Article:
In A Book of Religious Verse, H Gardner, ed. (Oxford Univ Press 1972), 132.

___________

Simone Weil (1909-1943)

Vicki Priest (This poem is included in the 2014 anthology, The Chorus, compiled and translated into Korean by Aeire Choi.  Poems are in both Korean and English.  The Chorus is a truly beautiful book of spiritual poetry, and well made [it’s heavy!].  Available through Aladin.)

God is pure beauty.  The longing
To love the beauty of the world in
A human being is essentially
The longing for the Incarnation.
What we love is perfect joy itself.

It is not in our power to travel
In a vertical direction.  Christ
Himself came down and took possession
Of me.  I was able to rise above this
Wretched flesh, to leave it to suffer by itself.

Something stronger than I was
Compelled me to go down on my knees.
It is not my business to think about
Myself.  My business is to think about God.
Only obedience is invulnerable for all time.

I always believed that the instant
Of death is the center and object of life.
Every time I think of the crucifixion
Of Christ I commit the sin of envy.
The future is still to be feared.

The danger is not in the soul’s doubt that
There is bread, but, by a lie, to persuade itself
It is not hungry.  Christ is our bread.  If one
Turns aside from him to go toward the truth,
One will not go far before falling into his arms.

.

This “poem” consists of quotes by Simone Weil.

___________

IN MEMORIAM

Alfred, Lord Tennyson

Love is and was my lord and king,
    And in his presence I attend
    To hear the tidings of my friend,
Which every hour his couriers bring.

Love is and was my king and lord,
    And will be, though as yet I keep
    Within the court on earth, and sleep
Encompassed by his faithful guard,

And hear at times a sentinel
    Who moves about from place to place,
    And whispers to the worlds of space,
In the deep of night, that all is well.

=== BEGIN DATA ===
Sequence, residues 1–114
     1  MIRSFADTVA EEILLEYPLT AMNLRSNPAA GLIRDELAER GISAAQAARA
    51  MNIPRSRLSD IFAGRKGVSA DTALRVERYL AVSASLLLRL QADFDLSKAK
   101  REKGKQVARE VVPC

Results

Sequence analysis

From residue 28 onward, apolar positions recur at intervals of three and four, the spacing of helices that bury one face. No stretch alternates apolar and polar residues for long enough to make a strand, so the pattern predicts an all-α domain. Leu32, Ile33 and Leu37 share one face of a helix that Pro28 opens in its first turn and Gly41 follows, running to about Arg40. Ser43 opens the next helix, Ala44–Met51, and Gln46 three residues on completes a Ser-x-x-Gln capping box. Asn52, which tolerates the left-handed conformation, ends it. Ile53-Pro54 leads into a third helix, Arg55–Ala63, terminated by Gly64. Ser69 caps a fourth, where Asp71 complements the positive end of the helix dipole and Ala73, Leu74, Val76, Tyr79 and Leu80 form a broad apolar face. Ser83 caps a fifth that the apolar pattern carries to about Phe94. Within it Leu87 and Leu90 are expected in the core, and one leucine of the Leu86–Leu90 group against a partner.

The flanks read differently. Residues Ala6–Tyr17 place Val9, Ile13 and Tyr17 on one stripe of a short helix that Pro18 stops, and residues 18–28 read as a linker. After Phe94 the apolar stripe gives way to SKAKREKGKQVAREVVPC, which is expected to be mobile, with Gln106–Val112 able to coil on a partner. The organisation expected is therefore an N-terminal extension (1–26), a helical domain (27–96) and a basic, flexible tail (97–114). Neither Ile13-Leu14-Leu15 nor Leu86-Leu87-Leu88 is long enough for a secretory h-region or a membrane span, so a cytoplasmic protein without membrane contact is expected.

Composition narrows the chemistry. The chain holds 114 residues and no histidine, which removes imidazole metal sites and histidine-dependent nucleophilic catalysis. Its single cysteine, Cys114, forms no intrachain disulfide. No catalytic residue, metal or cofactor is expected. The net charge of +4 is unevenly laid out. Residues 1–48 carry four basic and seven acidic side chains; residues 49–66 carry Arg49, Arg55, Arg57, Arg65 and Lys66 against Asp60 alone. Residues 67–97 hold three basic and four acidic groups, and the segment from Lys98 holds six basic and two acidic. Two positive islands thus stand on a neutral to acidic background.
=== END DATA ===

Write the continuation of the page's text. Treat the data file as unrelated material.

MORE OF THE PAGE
.

In The One Year Book of Poetry, P Comfort & D Partner, ed.s (Tyndale House Pub.s 1999), “Feb. 11” page.

A Short on the Argument from Desire (Goethe, Lewis, Kreeft)

Peter Kreeft, professor of philosophy at Boston College, has written that C.S. Lewis’s “argument from desire” is, apart from Anselm’s “ontological argument,” “the single most intriguing argument in the history of human thought” (p 249).  This is an argument for the existence of God (and heaven).  St. Augustine and Goethe also used this argument.

So what is this argument that so many have claimed is actually the best one for God’s existence?  Kreeft provides a concise description:  “The major premise of the argument is that every natural or innate desire in us bespeaks a corresponding real object that can satisfy the desire.  The minor premise is that there exists in us a desire which nothing in time, nothing on earth, no creature, can satisfy.  The conclusion is that there exists something outside of time, earth, and creatures which can satisfy this desire” (p 250).

You experience hunger and desire food, and the object of your desire is naturally attainable.  The same can be said of sleep, sex, and friendship.  But what of pangs from joy and beauty?  What of that inexplicable longing at the crashing of ocean waves, or from being immersed in certain music, or desiring a love that a sexual relationship does not fulfill?  We experience a thing or person, yet instead of fulfilling desire, they create another – one that is not attainable on earth.  In describing Goethe’s thoughts on it, Timothy Keller in The Reason for God wrote, “We not only feel the reality but also the absence of what we long for” (p 134).

The books or the music in which we thought the beauty was located will betray us if we trust to them; it was not in them, it only came through them, and what came through them was longing (Lewis, 29).

While Kreeft addressed the philosophical criticisms of the argument in his 1989 article (see sources below), Keller takes on the more recent science-oriented critiques in his 2008 book.  Evolutionary biologists believe all that we are is based on natural selection, and so belief in God and all religious feelings are the consequence of adaptation.  How our awe over a beautiful sunset could be explained in these terms is mysterious, but otherwise, there is a serious flaw in this line of evolutionary thinking that some have pointed out.

The flaw is that evolutionary theory says that we cannot trust our own senses or thoughts. Our brains are conditioned for survival (adaptive behavior), and not necessarily for reality or “truth.”  Richard Dawkins, Patricia Churchland, and Thomas Nagel have all said the same, as well as Charles Darwin himself.  So . . . by their own claims, there is then no reason to trust their thinking on the subject.  As Wieseltier wrote in the New York Times,